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Crab Derby can bring out contestants' darker side


THIS IS Preakness Week, and in keeping with tradition, the town is going slightly loony.

How else do you explain John "Kinderman" Taylor, that normally kindhearted children's entertainer, stalking my Sun colleague, Gregory Kane, with a crab hammer?

Or how do you account for Tarik Walker, the muscular forward of the Baltimore Blast soccer team, sounding like a hit man from The Godfather as he advocates "straight fear" as the way to get things done.

What other explanation could there be for the fact that some hooting members of the crowd gathered at the Arcade in Lexington Market to watch the 12th Annual Crab Derby would accuse little old me, a model of propriety, of cheating?

It is the lusty month of May, or, as the lyricist Alan Jay Lerner put it, "that lovely month when everyone goes blissfully astray." After months of good behavior, we denizens of the Patapsco River basin start shedding clothes, inhibitions and common sense. The ultimate display of good-natured lunacy occurs today when thousands of well-lubricated horseplayers - some dressed to the nines, some half-naked - descend on the Pimlico Race Course for an afternoon of delirium highlighted by the running of The Preakness Stakes.

Forget about the reputation this town has as "Charm City." During Preakness Week, every race - even one in which live crabs scuttle across the floor of Lexington Market - becomes a no-holds-barred competition.

So it came as no surprise Thursday when the Kin- derman, the victor in last year's crab sprint, lost his preliminary race and began to threaten Kane, the heat winner, with a crab hammer. Only quick thinking by Koli Tengella, a stand-up comic who serves as master of ceremonies for the crab races, kept the scene from turning ugly. "Don't hate!" Tengella said, throwing Kinderman's usual lovey-dovey message back at him. "Put the hammer down."

Kinderman complied; perhaps this "bad boy" routine was only an act.

Walker, the soccer stud, is built like a brick crabhouse. He simply scared his crab over the finish line. He picked up the clear, plastic lid that kept the crab at the starting line and, once the race began, slammed the lid behind the crab on the ceramic tile floor. This created quite a racket and the terrified crab scooted.

Most of the other 17 contestants tried to coax their crabs to move by waving plastic balls in front of them or squirting them with water. But not Walker. "No lures, no squirts - just straight fear," the victor explained.

His closest competitor was WMAR's Tony Pagnotti. Some of us thought Pagnotti, a veteran of this crab competition, had suckered Walker, the rookie, into winning. As the first-place finisher, Walker got to make a donation of $500 to the charity of his choice, and a $100 gift certificate from Faidley's Seafood. By finishing second, Pagnotti picked up a bushel of crabs, a prize that, according to Bill Devine, proprietor of Faidley's, is worth about $200. You do the math.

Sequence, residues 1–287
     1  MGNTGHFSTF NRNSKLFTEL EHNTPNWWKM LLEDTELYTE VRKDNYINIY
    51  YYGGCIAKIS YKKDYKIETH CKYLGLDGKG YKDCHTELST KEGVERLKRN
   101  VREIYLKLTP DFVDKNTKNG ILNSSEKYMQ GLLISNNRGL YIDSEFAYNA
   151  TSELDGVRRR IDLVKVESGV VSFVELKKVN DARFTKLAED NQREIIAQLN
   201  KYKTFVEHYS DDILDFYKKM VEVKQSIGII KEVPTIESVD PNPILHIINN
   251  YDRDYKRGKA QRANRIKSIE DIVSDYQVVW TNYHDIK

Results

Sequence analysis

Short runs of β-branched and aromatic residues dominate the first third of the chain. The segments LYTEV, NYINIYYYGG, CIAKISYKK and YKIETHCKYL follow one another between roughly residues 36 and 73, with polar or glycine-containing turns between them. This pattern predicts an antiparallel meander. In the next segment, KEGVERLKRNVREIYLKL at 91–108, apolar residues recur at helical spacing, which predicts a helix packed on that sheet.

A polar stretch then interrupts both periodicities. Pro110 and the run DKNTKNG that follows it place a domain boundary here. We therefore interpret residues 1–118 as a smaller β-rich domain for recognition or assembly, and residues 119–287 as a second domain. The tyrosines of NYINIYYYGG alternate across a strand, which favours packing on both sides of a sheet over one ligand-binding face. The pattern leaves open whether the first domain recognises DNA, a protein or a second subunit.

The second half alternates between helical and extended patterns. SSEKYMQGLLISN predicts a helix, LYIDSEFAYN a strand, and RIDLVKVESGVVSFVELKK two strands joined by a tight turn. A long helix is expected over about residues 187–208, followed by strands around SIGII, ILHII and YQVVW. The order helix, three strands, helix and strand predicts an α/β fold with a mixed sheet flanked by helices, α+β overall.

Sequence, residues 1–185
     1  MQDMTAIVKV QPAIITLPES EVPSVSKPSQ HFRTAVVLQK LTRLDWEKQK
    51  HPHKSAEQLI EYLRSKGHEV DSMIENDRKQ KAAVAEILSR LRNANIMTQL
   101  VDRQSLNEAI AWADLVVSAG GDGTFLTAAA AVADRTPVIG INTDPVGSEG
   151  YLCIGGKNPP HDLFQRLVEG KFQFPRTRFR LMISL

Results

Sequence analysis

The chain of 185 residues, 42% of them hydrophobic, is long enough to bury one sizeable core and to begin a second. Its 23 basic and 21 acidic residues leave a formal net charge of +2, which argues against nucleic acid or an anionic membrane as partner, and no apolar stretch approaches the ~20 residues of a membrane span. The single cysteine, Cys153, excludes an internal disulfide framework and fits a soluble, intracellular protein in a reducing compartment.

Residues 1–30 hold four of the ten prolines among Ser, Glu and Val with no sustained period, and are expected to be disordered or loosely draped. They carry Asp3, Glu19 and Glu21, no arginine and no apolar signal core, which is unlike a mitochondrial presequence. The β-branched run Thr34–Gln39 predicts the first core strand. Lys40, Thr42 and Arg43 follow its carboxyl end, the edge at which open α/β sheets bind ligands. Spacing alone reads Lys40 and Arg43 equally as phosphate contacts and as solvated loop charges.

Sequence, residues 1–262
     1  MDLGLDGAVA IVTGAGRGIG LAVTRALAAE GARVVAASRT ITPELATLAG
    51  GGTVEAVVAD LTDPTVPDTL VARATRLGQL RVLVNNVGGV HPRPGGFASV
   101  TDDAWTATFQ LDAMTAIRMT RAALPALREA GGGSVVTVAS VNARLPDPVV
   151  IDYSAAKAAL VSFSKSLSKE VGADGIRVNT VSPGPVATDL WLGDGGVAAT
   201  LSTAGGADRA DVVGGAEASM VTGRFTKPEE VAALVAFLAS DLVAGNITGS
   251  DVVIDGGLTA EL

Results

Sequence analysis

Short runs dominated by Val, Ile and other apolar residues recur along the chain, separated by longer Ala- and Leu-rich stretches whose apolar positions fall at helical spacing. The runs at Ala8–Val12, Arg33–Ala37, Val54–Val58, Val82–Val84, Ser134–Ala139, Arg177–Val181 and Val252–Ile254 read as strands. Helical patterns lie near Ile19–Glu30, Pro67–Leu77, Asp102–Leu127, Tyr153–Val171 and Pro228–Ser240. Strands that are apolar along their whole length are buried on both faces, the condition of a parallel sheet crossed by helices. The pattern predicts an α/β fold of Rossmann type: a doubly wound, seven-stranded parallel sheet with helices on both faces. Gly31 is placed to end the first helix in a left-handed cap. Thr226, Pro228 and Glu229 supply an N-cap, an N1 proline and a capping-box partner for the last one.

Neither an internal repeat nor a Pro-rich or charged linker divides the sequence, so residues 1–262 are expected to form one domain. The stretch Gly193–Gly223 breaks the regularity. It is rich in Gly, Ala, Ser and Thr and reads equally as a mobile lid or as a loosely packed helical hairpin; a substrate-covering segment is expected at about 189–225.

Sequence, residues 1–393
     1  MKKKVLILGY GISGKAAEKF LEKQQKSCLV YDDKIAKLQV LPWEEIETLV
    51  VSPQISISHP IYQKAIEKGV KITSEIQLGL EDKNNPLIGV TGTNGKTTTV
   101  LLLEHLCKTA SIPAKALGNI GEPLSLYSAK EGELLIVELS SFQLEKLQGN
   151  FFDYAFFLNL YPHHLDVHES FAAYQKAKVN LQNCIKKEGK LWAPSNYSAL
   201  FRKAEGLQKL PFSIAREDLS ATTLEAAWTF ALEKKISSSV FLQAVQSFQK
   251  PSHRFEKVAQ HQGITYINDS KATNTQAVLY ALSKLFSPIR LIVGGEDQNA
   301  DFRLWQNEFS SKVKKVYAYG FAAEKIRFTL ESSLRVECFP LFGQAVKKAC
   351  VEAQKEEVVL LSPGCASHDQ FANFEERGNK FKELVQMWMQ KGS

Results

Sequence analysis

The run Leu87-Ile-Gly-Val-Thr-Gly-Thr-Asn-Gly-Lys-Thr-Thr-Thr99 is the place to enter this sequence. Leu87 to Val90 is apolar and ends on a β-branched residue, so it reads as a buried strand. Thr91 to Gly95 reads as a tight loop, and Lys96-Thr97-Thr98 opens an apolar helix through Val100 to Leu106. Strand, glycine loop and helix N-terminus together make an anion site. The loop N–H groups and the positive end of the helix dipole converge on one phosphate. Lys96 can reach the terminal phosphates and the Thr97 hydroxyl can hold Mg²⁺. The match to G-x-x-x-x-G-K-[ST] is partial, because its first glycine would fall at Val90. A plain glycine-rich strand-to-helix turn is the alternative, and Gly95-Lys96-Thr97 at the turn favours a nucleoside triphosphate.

As for the allegation that I cheated, I say "Nuh-uh!" It is true that I wanted to win very badly. It is also true that before the race I called around the country trying to get tips from winners of other crab races.

For instance, I called North Carolina, to pull Christine Mackey, director of tourism programs, out of a meeting in the department's conference room. In addition to conducting state business in that room, Mackey had also been admiring the gleaming trophy that resided there. She got the trophy for picking the crab that won last year's Hard Crab Derby in Crisfield, a race held every Labor Day weekend. When I asked Mackey for advice on how to pick a winner, she told me. "Pick a crab with a fighting spirit."

So I chose a crab with a " 'tude." It snapped at me during warm-ups and almost nicked John Richter, the veteran crab handler from Faidley's, as he prepared it for the race.

Once the race started, I waved at it with the red foam crab headdress that all contestants were issued. The headdress, I surmised, was supposed to show the contestants' solidarity with crustaceans. In fact, it made us all look like aliens. It certainly made my critter run for cover.

I attempted to employ a secret weapon, a bottle of vinegar. I sprinkled vinegar on my crab, figuring the aroma might trigger some inherited memory in my critter of a distant relative's journey to a steam kettle.

I only got to use the vinegar in the preliminary heat. The result - much to the dismay of some members of the crowd - was that my crab was the first to skedaddle across the finish line. But in the finals, against the crabs jockeyed by Walker, Pagnotti and Kane, trouble set in.

First of all, my once feisty crab suddenly became a couch potato. It wouldn't move, so I was about to "encourage it" by pulling out the vinegar once again. But Sam Ilardo, the grand overseer of the Lexington Market mores, and who at 82 has seen a fair amount of bad behavior in this town, told me to keep the bottle in my pocket.

Breaking out the vinegar in the finals would be cheating, Sam said, even in the relaxed moral climate known as Preakness Week.

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